The Solution to Poor Opinions is More Opinions: Peircean Pragmatist Tactics for the Epistemic Long Game

In Michael Peters, Sharon Rider, Tina Besley & Mats Hyvonen (eds.), Post-Truth, Fake News: Viral Modernity & Higher Education. Dordrecht: Springer. pp. 43-58 (2018)
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Abstract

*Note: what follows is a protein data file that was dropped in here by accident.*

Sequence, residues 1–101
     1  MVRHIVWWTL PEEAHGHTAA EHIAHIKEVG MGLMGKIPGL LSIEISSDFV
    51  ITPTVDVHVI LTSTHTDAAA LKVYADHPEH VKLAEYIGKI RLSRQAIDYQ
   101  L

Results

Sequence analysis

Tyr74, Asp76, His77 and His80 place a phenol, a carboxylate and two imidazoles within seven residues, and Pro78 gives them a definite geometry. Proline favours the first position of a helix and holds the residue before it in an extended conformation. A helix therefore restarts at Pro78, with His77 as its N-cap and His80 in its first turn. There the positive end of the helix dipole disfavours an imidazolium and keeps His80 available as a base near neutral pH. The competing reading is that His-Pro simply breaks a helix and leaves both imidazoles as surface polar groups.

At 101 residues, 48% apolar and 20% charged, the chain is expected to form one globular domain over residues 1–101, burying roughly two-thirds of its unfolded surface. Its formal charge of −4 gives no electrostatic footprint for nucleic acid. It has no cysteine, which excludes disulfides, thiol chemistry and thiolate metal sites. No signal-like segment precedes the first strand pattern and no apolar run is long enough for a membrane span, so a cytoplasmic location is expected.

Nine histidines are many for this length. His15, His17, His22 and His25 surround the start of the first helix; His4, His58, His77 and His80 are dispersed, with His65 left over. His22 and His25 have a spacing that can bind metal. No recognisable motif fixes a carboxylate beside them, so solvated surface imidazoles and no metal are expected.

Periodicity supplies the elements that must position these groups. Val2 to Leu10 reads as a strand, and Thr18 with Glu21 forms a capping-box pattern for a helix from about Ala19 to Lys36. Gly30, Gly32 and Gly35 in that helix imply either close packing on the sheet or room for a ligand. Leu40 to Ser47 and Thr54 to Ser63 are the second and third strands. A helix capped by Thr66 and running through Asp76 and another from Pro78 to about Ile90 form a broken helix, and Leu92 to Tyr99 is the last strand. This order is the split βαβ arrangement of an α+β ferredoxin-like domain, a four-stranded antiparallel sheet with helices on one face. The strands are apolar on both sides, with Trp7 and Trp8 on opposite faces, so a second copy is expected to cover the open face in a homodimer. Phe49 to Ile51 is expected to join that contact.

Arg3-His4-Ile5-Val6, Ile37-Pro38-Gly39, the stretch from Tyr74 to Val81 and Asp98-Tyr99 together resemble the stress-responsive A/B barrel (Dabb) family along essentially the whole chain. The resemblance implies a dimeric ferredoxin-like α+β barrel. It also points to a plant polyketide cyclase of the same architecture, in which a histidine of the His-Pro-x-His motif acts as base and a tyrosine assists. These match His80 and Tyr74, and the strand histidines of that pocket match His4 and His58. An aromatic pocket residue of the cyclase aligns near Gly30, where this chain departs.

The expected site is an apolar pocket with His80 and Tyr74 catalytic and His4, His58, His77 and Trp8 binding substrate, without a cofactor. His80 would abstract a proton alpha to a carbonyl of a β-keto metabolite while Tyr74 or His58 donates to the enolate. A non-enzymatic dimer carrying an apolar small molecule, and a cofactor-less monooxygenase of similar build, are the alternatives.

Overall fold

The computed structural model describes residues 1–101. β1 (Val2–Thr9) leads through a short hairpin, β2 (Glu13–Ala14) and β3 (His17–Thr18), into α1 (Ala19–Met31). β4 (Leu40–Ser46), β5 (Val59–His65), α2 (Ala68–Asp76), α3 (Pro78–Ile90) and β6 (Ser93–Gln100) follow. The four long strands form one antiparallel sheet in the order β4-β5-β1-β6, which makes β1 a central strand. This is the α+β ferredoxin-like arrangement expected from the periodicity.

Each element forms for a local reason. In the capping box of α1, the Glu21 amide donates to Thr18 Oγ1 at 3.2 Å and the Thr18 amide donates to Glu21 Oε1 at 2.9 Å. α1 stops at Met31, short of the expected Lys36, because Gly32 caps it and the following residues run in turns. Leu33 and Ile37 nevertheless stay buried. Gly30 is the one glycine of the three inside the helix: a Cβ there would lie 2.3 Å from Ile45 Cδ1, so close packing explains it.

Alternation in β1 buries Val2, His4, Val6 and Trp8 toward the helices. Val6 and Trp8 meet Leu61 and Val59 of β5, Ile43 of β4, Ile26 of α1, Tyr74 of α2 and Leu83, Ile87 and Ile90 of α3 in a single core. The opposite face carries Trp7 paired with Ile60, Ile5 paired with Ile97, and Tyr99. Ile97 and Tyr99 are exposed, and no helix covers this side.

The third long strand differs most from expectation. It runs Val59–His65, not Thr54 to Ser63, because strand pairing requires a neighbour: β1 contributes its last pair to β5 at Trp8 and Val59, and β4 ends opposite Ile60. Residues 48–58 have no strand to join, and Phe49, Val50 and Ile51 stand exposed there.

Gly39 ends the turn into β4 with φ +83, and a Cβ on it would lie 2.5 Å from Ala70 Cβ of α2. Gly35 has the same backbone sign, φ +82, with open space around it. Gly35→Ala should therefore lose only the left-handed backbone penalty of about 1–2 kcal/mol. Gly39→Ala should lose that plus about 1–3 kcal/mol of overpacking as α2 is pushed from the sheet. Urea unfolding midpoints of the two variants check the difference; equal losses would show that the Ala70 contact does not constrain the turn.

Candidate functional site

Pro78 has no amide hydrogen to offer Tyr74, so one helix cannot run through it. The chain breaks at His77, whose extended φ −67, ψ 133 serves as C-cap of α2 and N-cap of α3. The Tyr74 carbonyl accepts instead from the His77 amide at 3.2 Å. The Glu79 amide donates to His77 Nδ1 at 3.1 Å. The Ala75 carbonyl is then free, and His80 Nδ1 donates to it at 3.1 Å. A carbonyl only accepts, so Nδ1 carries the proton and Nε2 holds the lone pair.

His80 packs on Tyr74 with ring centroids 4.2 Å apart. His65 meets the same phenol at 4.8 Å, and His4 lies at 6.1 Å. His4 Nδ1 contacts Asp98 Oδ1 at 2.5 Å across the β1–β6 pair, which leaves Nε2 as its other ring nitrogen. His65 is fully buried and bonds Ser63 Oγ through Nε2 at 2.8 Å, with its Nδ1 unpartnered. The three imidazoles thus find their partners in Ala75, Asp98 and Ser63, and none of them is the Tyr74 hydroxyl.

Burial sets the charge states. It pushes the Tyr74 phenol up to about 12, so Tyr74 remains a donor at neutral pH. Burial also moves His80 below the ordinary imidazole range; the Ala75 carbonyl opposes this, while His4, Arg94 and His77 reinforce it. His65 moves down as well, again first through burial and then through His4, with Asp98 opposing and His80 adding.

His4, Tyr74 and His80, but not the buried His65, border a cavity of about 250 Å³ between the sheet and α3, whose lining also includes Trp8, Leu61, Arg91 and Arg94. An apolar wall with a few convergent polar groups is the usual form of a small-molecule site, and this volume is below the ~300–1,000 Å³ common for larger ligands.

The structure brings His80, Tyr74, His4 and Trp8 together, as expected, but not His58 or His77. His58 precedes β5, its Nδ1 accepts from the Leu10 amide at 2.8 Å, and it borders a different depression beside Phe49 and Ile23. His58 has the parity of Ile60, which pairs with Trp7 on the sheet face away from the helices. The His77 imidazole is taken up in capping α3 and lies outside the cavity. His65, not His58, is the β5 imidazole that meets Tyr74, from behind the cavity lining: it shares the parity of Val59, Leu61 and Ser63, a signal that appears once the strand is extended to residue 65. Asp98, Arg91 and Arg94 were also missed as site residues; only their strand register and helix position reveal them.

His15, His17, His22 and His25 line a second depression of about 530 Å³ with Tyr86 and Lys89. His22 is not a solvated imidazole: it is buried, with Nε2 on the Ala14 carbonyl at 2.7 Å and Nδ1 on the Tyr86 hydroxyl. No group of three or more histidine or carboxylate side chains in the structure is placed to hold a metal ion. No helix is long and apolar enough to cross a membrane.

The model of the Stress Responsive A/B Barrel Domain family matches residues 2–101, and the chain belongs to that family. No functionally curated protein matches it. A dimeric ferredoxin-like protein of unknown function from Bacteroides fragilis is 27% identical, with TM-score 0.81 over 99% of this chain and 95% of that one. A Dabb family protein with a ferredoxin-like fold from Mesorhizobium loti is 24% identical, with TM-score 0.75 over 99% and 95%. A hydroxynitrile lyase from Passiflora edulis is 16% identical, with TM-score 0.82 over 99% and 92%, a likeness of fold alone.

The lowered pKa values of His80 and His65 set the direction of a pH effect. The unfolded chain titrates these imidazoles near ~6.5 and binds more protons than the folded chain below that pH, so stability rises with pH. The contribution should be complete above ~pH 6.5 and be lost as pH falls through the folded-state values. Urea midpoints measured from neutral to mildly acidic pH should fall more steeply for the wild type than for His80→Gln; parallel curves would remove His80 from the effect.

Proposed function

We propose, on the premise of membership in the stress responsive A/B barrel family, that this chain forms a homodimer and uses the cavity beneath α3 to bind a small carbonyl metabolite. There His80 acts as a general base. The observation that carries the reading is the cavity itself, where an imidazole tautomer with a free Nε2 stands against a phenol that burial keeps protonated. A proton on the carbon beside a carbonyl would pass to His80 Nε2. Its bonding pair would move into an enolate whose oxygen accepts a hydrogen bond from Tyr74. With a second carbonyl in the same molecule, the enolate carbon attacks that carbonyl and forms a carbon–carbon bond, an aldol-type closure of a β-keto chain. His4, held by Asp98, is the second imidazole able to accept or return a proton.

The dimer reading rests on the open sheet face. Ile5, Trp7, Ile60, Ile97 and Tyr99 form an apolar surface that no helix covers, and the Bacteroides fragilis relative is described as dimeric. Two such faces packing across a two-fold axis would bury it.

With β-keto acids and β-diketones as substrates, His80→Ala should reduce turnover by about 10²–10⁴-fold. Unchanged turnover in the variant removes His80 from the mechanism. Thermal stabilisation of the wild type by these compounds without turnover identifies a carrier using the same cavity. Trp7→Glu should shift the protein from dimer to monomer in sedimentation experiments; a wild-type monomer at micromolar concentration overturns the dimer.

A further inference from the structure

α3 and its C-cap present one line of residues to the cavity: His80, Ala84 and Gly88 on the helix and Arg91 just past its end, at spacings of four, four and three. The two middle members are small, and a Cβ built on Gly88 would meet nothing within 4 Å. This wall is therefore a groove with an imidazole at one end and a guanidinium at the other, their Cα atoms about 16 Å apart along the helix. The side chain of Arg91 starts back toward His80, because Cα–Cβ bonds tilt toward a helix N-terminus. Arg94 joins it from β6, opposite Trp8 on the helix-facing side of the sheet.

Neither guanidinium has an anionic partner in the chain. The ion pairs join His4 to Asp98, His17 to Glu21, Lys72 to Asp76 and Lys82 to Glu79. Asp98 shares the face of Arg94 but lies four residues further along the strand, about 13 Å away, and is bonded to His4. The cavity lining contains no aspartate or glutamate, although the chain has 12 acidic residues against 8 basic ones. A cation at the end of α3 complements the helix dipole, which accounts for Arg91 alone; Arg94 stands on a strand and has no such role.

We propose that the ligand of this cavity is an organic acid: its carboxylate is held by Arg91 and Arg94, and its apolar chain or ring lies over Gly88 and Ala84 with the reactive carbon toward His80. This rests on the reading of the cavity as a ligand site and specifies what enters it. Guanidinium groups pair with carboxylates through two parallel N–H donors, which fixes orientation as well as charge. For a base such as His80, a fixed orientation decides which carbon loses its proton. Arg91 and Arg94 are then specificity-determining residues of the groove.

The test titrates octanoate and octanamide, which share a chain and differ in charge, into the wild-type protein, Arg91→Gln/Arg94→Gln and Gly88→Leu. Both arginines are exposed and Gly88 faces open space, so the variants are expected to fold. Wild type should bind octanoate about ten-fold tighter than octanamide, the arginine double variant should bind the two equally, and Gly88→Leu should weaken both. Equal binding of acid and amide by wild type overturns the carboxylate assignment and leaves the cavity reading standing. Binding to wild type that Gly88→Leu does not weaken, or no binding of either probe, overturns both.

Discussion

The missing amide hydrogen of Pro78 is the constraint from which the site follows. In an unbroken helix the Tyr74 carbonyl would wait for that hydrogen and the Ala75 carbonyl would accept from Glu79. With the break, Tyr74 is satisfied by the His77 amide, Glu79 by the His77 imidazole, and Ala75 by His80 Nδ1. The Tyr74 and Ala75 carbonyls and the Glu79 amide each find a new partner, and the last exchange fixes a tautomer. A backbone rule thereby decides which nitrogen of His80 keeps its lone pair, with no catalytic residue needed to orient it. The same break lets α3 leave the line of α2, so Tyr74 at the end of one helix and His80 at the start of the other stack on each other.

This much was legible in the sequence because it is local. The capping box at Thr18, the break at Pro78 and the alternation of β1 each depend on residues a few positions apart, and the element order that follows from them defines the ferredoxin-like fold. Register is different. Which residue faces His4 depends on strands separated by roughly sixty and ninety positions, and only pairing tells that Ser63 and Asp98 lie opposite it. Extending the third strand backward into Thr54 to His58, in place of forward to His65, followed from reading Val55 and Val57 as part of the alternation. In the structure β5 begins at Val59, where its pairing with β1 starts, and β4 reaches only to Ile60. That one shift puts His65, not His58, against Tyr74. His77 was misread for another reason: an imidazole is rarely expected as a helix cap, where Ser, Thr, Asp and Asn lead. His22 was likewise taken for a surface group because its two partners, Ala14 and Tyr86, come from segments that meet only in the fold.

Although certain recent developments in mendacious political manipulation of public discourse are horrifying to the academic mind, I argue that we should not panic. Charles Peirce’s pragmatist epistemology with its teleological arc, long horizon, and rare balance between robust realism and contrite fallibilism offers guidance to weather the storm, and perhaps even see it as inevitable in our intellectual development. This paper explores Peirce’s classic “four methods of fixing belief”, which takes us on an entertaining and still very pertinent tour through tenacity, authority and a priori speculation to the method of science – the only method which is both public and self-correcting. Although in the West we (mostly) proudly self-conceive as living in a ‘scientific age’, I argue that this is premature. Precisely insofar as we treat the misbehavior of governments as a harbinger of doom, we remain trapped in authoritarian modes of thinking which Peirce identified with medievalism, although modernity is increasingly quickening around us in worldwide information-sharing practices that are shaped entirely by mutual help. With this framework in mind, many tactics of recent media are most helpfully seen as belonging not to a post-truth, but a pre-truth stage of human intellectual development. Advice on this is sought from Plato, who of course also faced a world that was ‘pre-academic’.
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